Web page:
Deer antler: biomimetic surfaces for the development of transcutaneous amputation prostheses

C. Pendegrass*, C. Hoare, B. Annand, P. Unwin, A. E. Goodship, G. W. Blunn

*Corresponding author for this work

Research output: Chapter in Book/Report/Conference proceedingConference contribution


Limb use in amputees with external prostheses can be impaired by problems at the stump - socket interface. The development of an Intraosseous Transcutaneous Amputation Prosthesis (ITAP) would overcome the problems by protecting the soft tissue -implant interface, whilst redistributing high stresses to bone. ITAP creates a breach in the skins protective barrier to infection, and a sufficient soft tissue - implant seal to prevent implant failure is required. Deer antlers are natural analogues of ITAP, and successfully overcome the problems associated with skin penetrating implants such as infection, marsupilisation and avulsion. In this study, an ITAP device has been developed, with a soft tissue -implant interface, based on deer antler morphology. It is hypothesised that the structure and morphology of deer antlers can be extrapolated to develop a successful soft tissue seal around transcutaneous implants for use in ITAP.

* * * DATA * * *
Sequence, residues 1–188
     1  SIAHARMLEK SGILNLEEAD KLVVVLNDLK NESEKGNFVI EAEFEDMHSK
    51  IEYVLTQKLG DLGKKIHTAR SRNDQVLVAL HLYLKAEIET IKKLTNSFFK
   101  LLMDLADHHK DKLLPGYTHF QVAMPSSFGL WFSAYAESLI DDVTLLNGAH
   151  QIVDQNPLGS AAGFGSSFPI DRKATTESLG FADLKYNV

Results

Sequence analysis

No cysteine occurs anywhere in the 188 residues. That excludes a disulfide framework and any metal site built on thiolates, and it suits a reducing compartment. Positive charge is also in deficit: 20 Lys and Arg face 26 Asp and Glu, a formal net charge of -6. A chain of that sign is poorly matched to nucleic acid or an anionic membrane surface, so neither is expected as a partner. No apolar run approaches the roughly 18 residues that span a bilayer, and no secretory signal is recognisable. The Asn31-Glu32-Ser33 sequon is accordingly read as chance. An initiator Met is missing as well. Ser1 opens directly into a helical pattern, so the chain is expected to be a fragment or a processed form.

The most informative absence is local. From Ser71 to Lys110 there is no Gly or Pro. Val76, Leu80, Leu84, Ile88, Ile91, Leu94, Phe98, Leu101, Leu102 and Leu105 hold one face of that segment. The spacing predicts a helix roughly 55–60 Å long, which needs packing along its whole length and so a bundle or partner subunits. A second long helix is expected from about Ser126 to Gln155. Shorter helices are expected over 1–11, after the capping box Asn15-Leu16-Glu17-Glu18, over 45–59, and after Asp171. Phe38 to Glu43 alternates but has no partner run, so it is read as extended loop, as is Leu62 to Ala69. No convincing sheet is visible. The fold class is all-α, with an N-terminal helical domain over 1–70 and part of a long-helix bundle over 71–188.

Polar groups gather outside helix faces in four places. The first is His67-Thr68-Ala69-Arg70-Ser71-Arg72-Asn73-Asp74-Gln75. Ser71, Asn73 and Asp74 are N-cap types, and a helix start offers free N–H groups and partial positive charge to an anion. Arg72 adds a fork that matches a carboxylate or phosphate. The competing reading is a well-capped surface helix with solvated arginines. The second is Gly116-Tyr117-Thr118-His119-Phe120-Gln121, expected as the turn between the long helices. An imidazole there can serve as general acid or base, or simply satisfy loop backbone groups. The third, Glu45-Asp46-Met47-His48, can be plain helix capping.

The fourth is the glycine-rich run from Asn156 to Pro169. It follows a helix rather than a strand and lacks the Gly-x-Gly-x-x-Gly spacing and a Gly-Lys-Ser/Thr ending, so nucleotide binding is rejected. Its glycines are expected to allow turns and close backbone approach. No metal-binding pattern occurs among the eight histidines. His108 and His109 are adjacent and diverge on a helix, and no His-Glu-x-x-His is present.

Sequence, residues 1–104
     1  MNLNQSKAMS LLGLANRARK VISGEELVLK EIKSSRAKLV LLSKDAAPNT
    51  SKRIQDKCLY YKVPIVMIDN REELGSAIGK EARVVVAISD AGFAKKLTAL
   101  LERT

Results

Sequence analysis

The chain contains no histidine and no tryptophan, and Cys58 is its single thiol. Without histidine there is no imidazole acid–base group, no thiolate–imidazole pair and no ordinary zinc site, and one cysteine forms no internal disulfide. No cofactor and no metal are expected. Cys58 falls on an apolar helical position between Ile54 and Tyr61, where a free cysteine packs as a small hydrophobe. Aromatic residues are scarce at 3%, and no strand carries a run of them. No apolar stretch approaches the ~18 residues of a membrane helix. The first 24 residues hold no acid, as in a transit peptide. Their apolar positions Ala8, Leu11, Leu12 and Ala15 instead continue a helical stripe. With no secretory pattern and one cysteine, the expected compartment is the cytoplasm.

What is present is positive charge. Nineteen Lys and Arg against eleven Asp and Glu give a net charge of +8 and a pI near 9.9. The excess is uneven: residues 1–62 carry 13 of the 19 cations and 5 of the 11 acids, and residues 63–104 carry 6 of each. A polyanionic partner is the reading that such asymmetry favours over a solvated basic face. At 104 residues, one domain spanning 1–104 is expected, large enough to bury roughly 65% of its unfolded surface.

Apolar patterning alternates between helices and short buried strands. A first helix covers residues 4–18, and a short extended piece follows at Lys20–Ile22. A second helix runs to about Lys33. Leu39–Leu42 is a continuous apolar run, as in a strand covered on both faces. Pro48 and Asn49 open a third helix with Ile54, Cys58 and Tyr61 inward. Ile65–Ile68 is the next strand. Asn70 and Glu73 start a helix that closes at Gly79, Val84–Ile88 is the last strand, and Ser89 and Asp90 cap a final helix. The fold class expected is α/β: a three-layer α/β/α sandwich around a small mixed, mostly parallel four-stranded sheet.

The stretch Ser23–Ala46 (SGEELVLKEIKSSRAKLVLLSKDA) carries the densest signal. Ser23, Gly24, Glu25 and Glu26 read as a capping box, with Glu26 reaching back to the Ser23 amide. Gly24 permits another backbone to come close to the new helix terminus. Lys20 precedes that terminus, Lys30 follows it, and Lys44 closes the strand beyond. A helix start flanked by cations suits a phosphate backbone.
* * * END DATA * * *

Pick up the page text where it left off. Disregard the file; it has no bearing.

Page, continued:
Original languageEnglish
Title of host publication7th World Biomaterials Congress 2004
PublisherCurran Associates, Inc.
Number of pages1
ISBN (Print)978-1604234619
Publication statusPublished - 1 Apr 2006
EventTransactions - 7th World Biomaterials Congress - Sydney, Australia
Duration: 17 May 200421 May 2004


ConferenceTransactions - 7th World Biomaterials Congress


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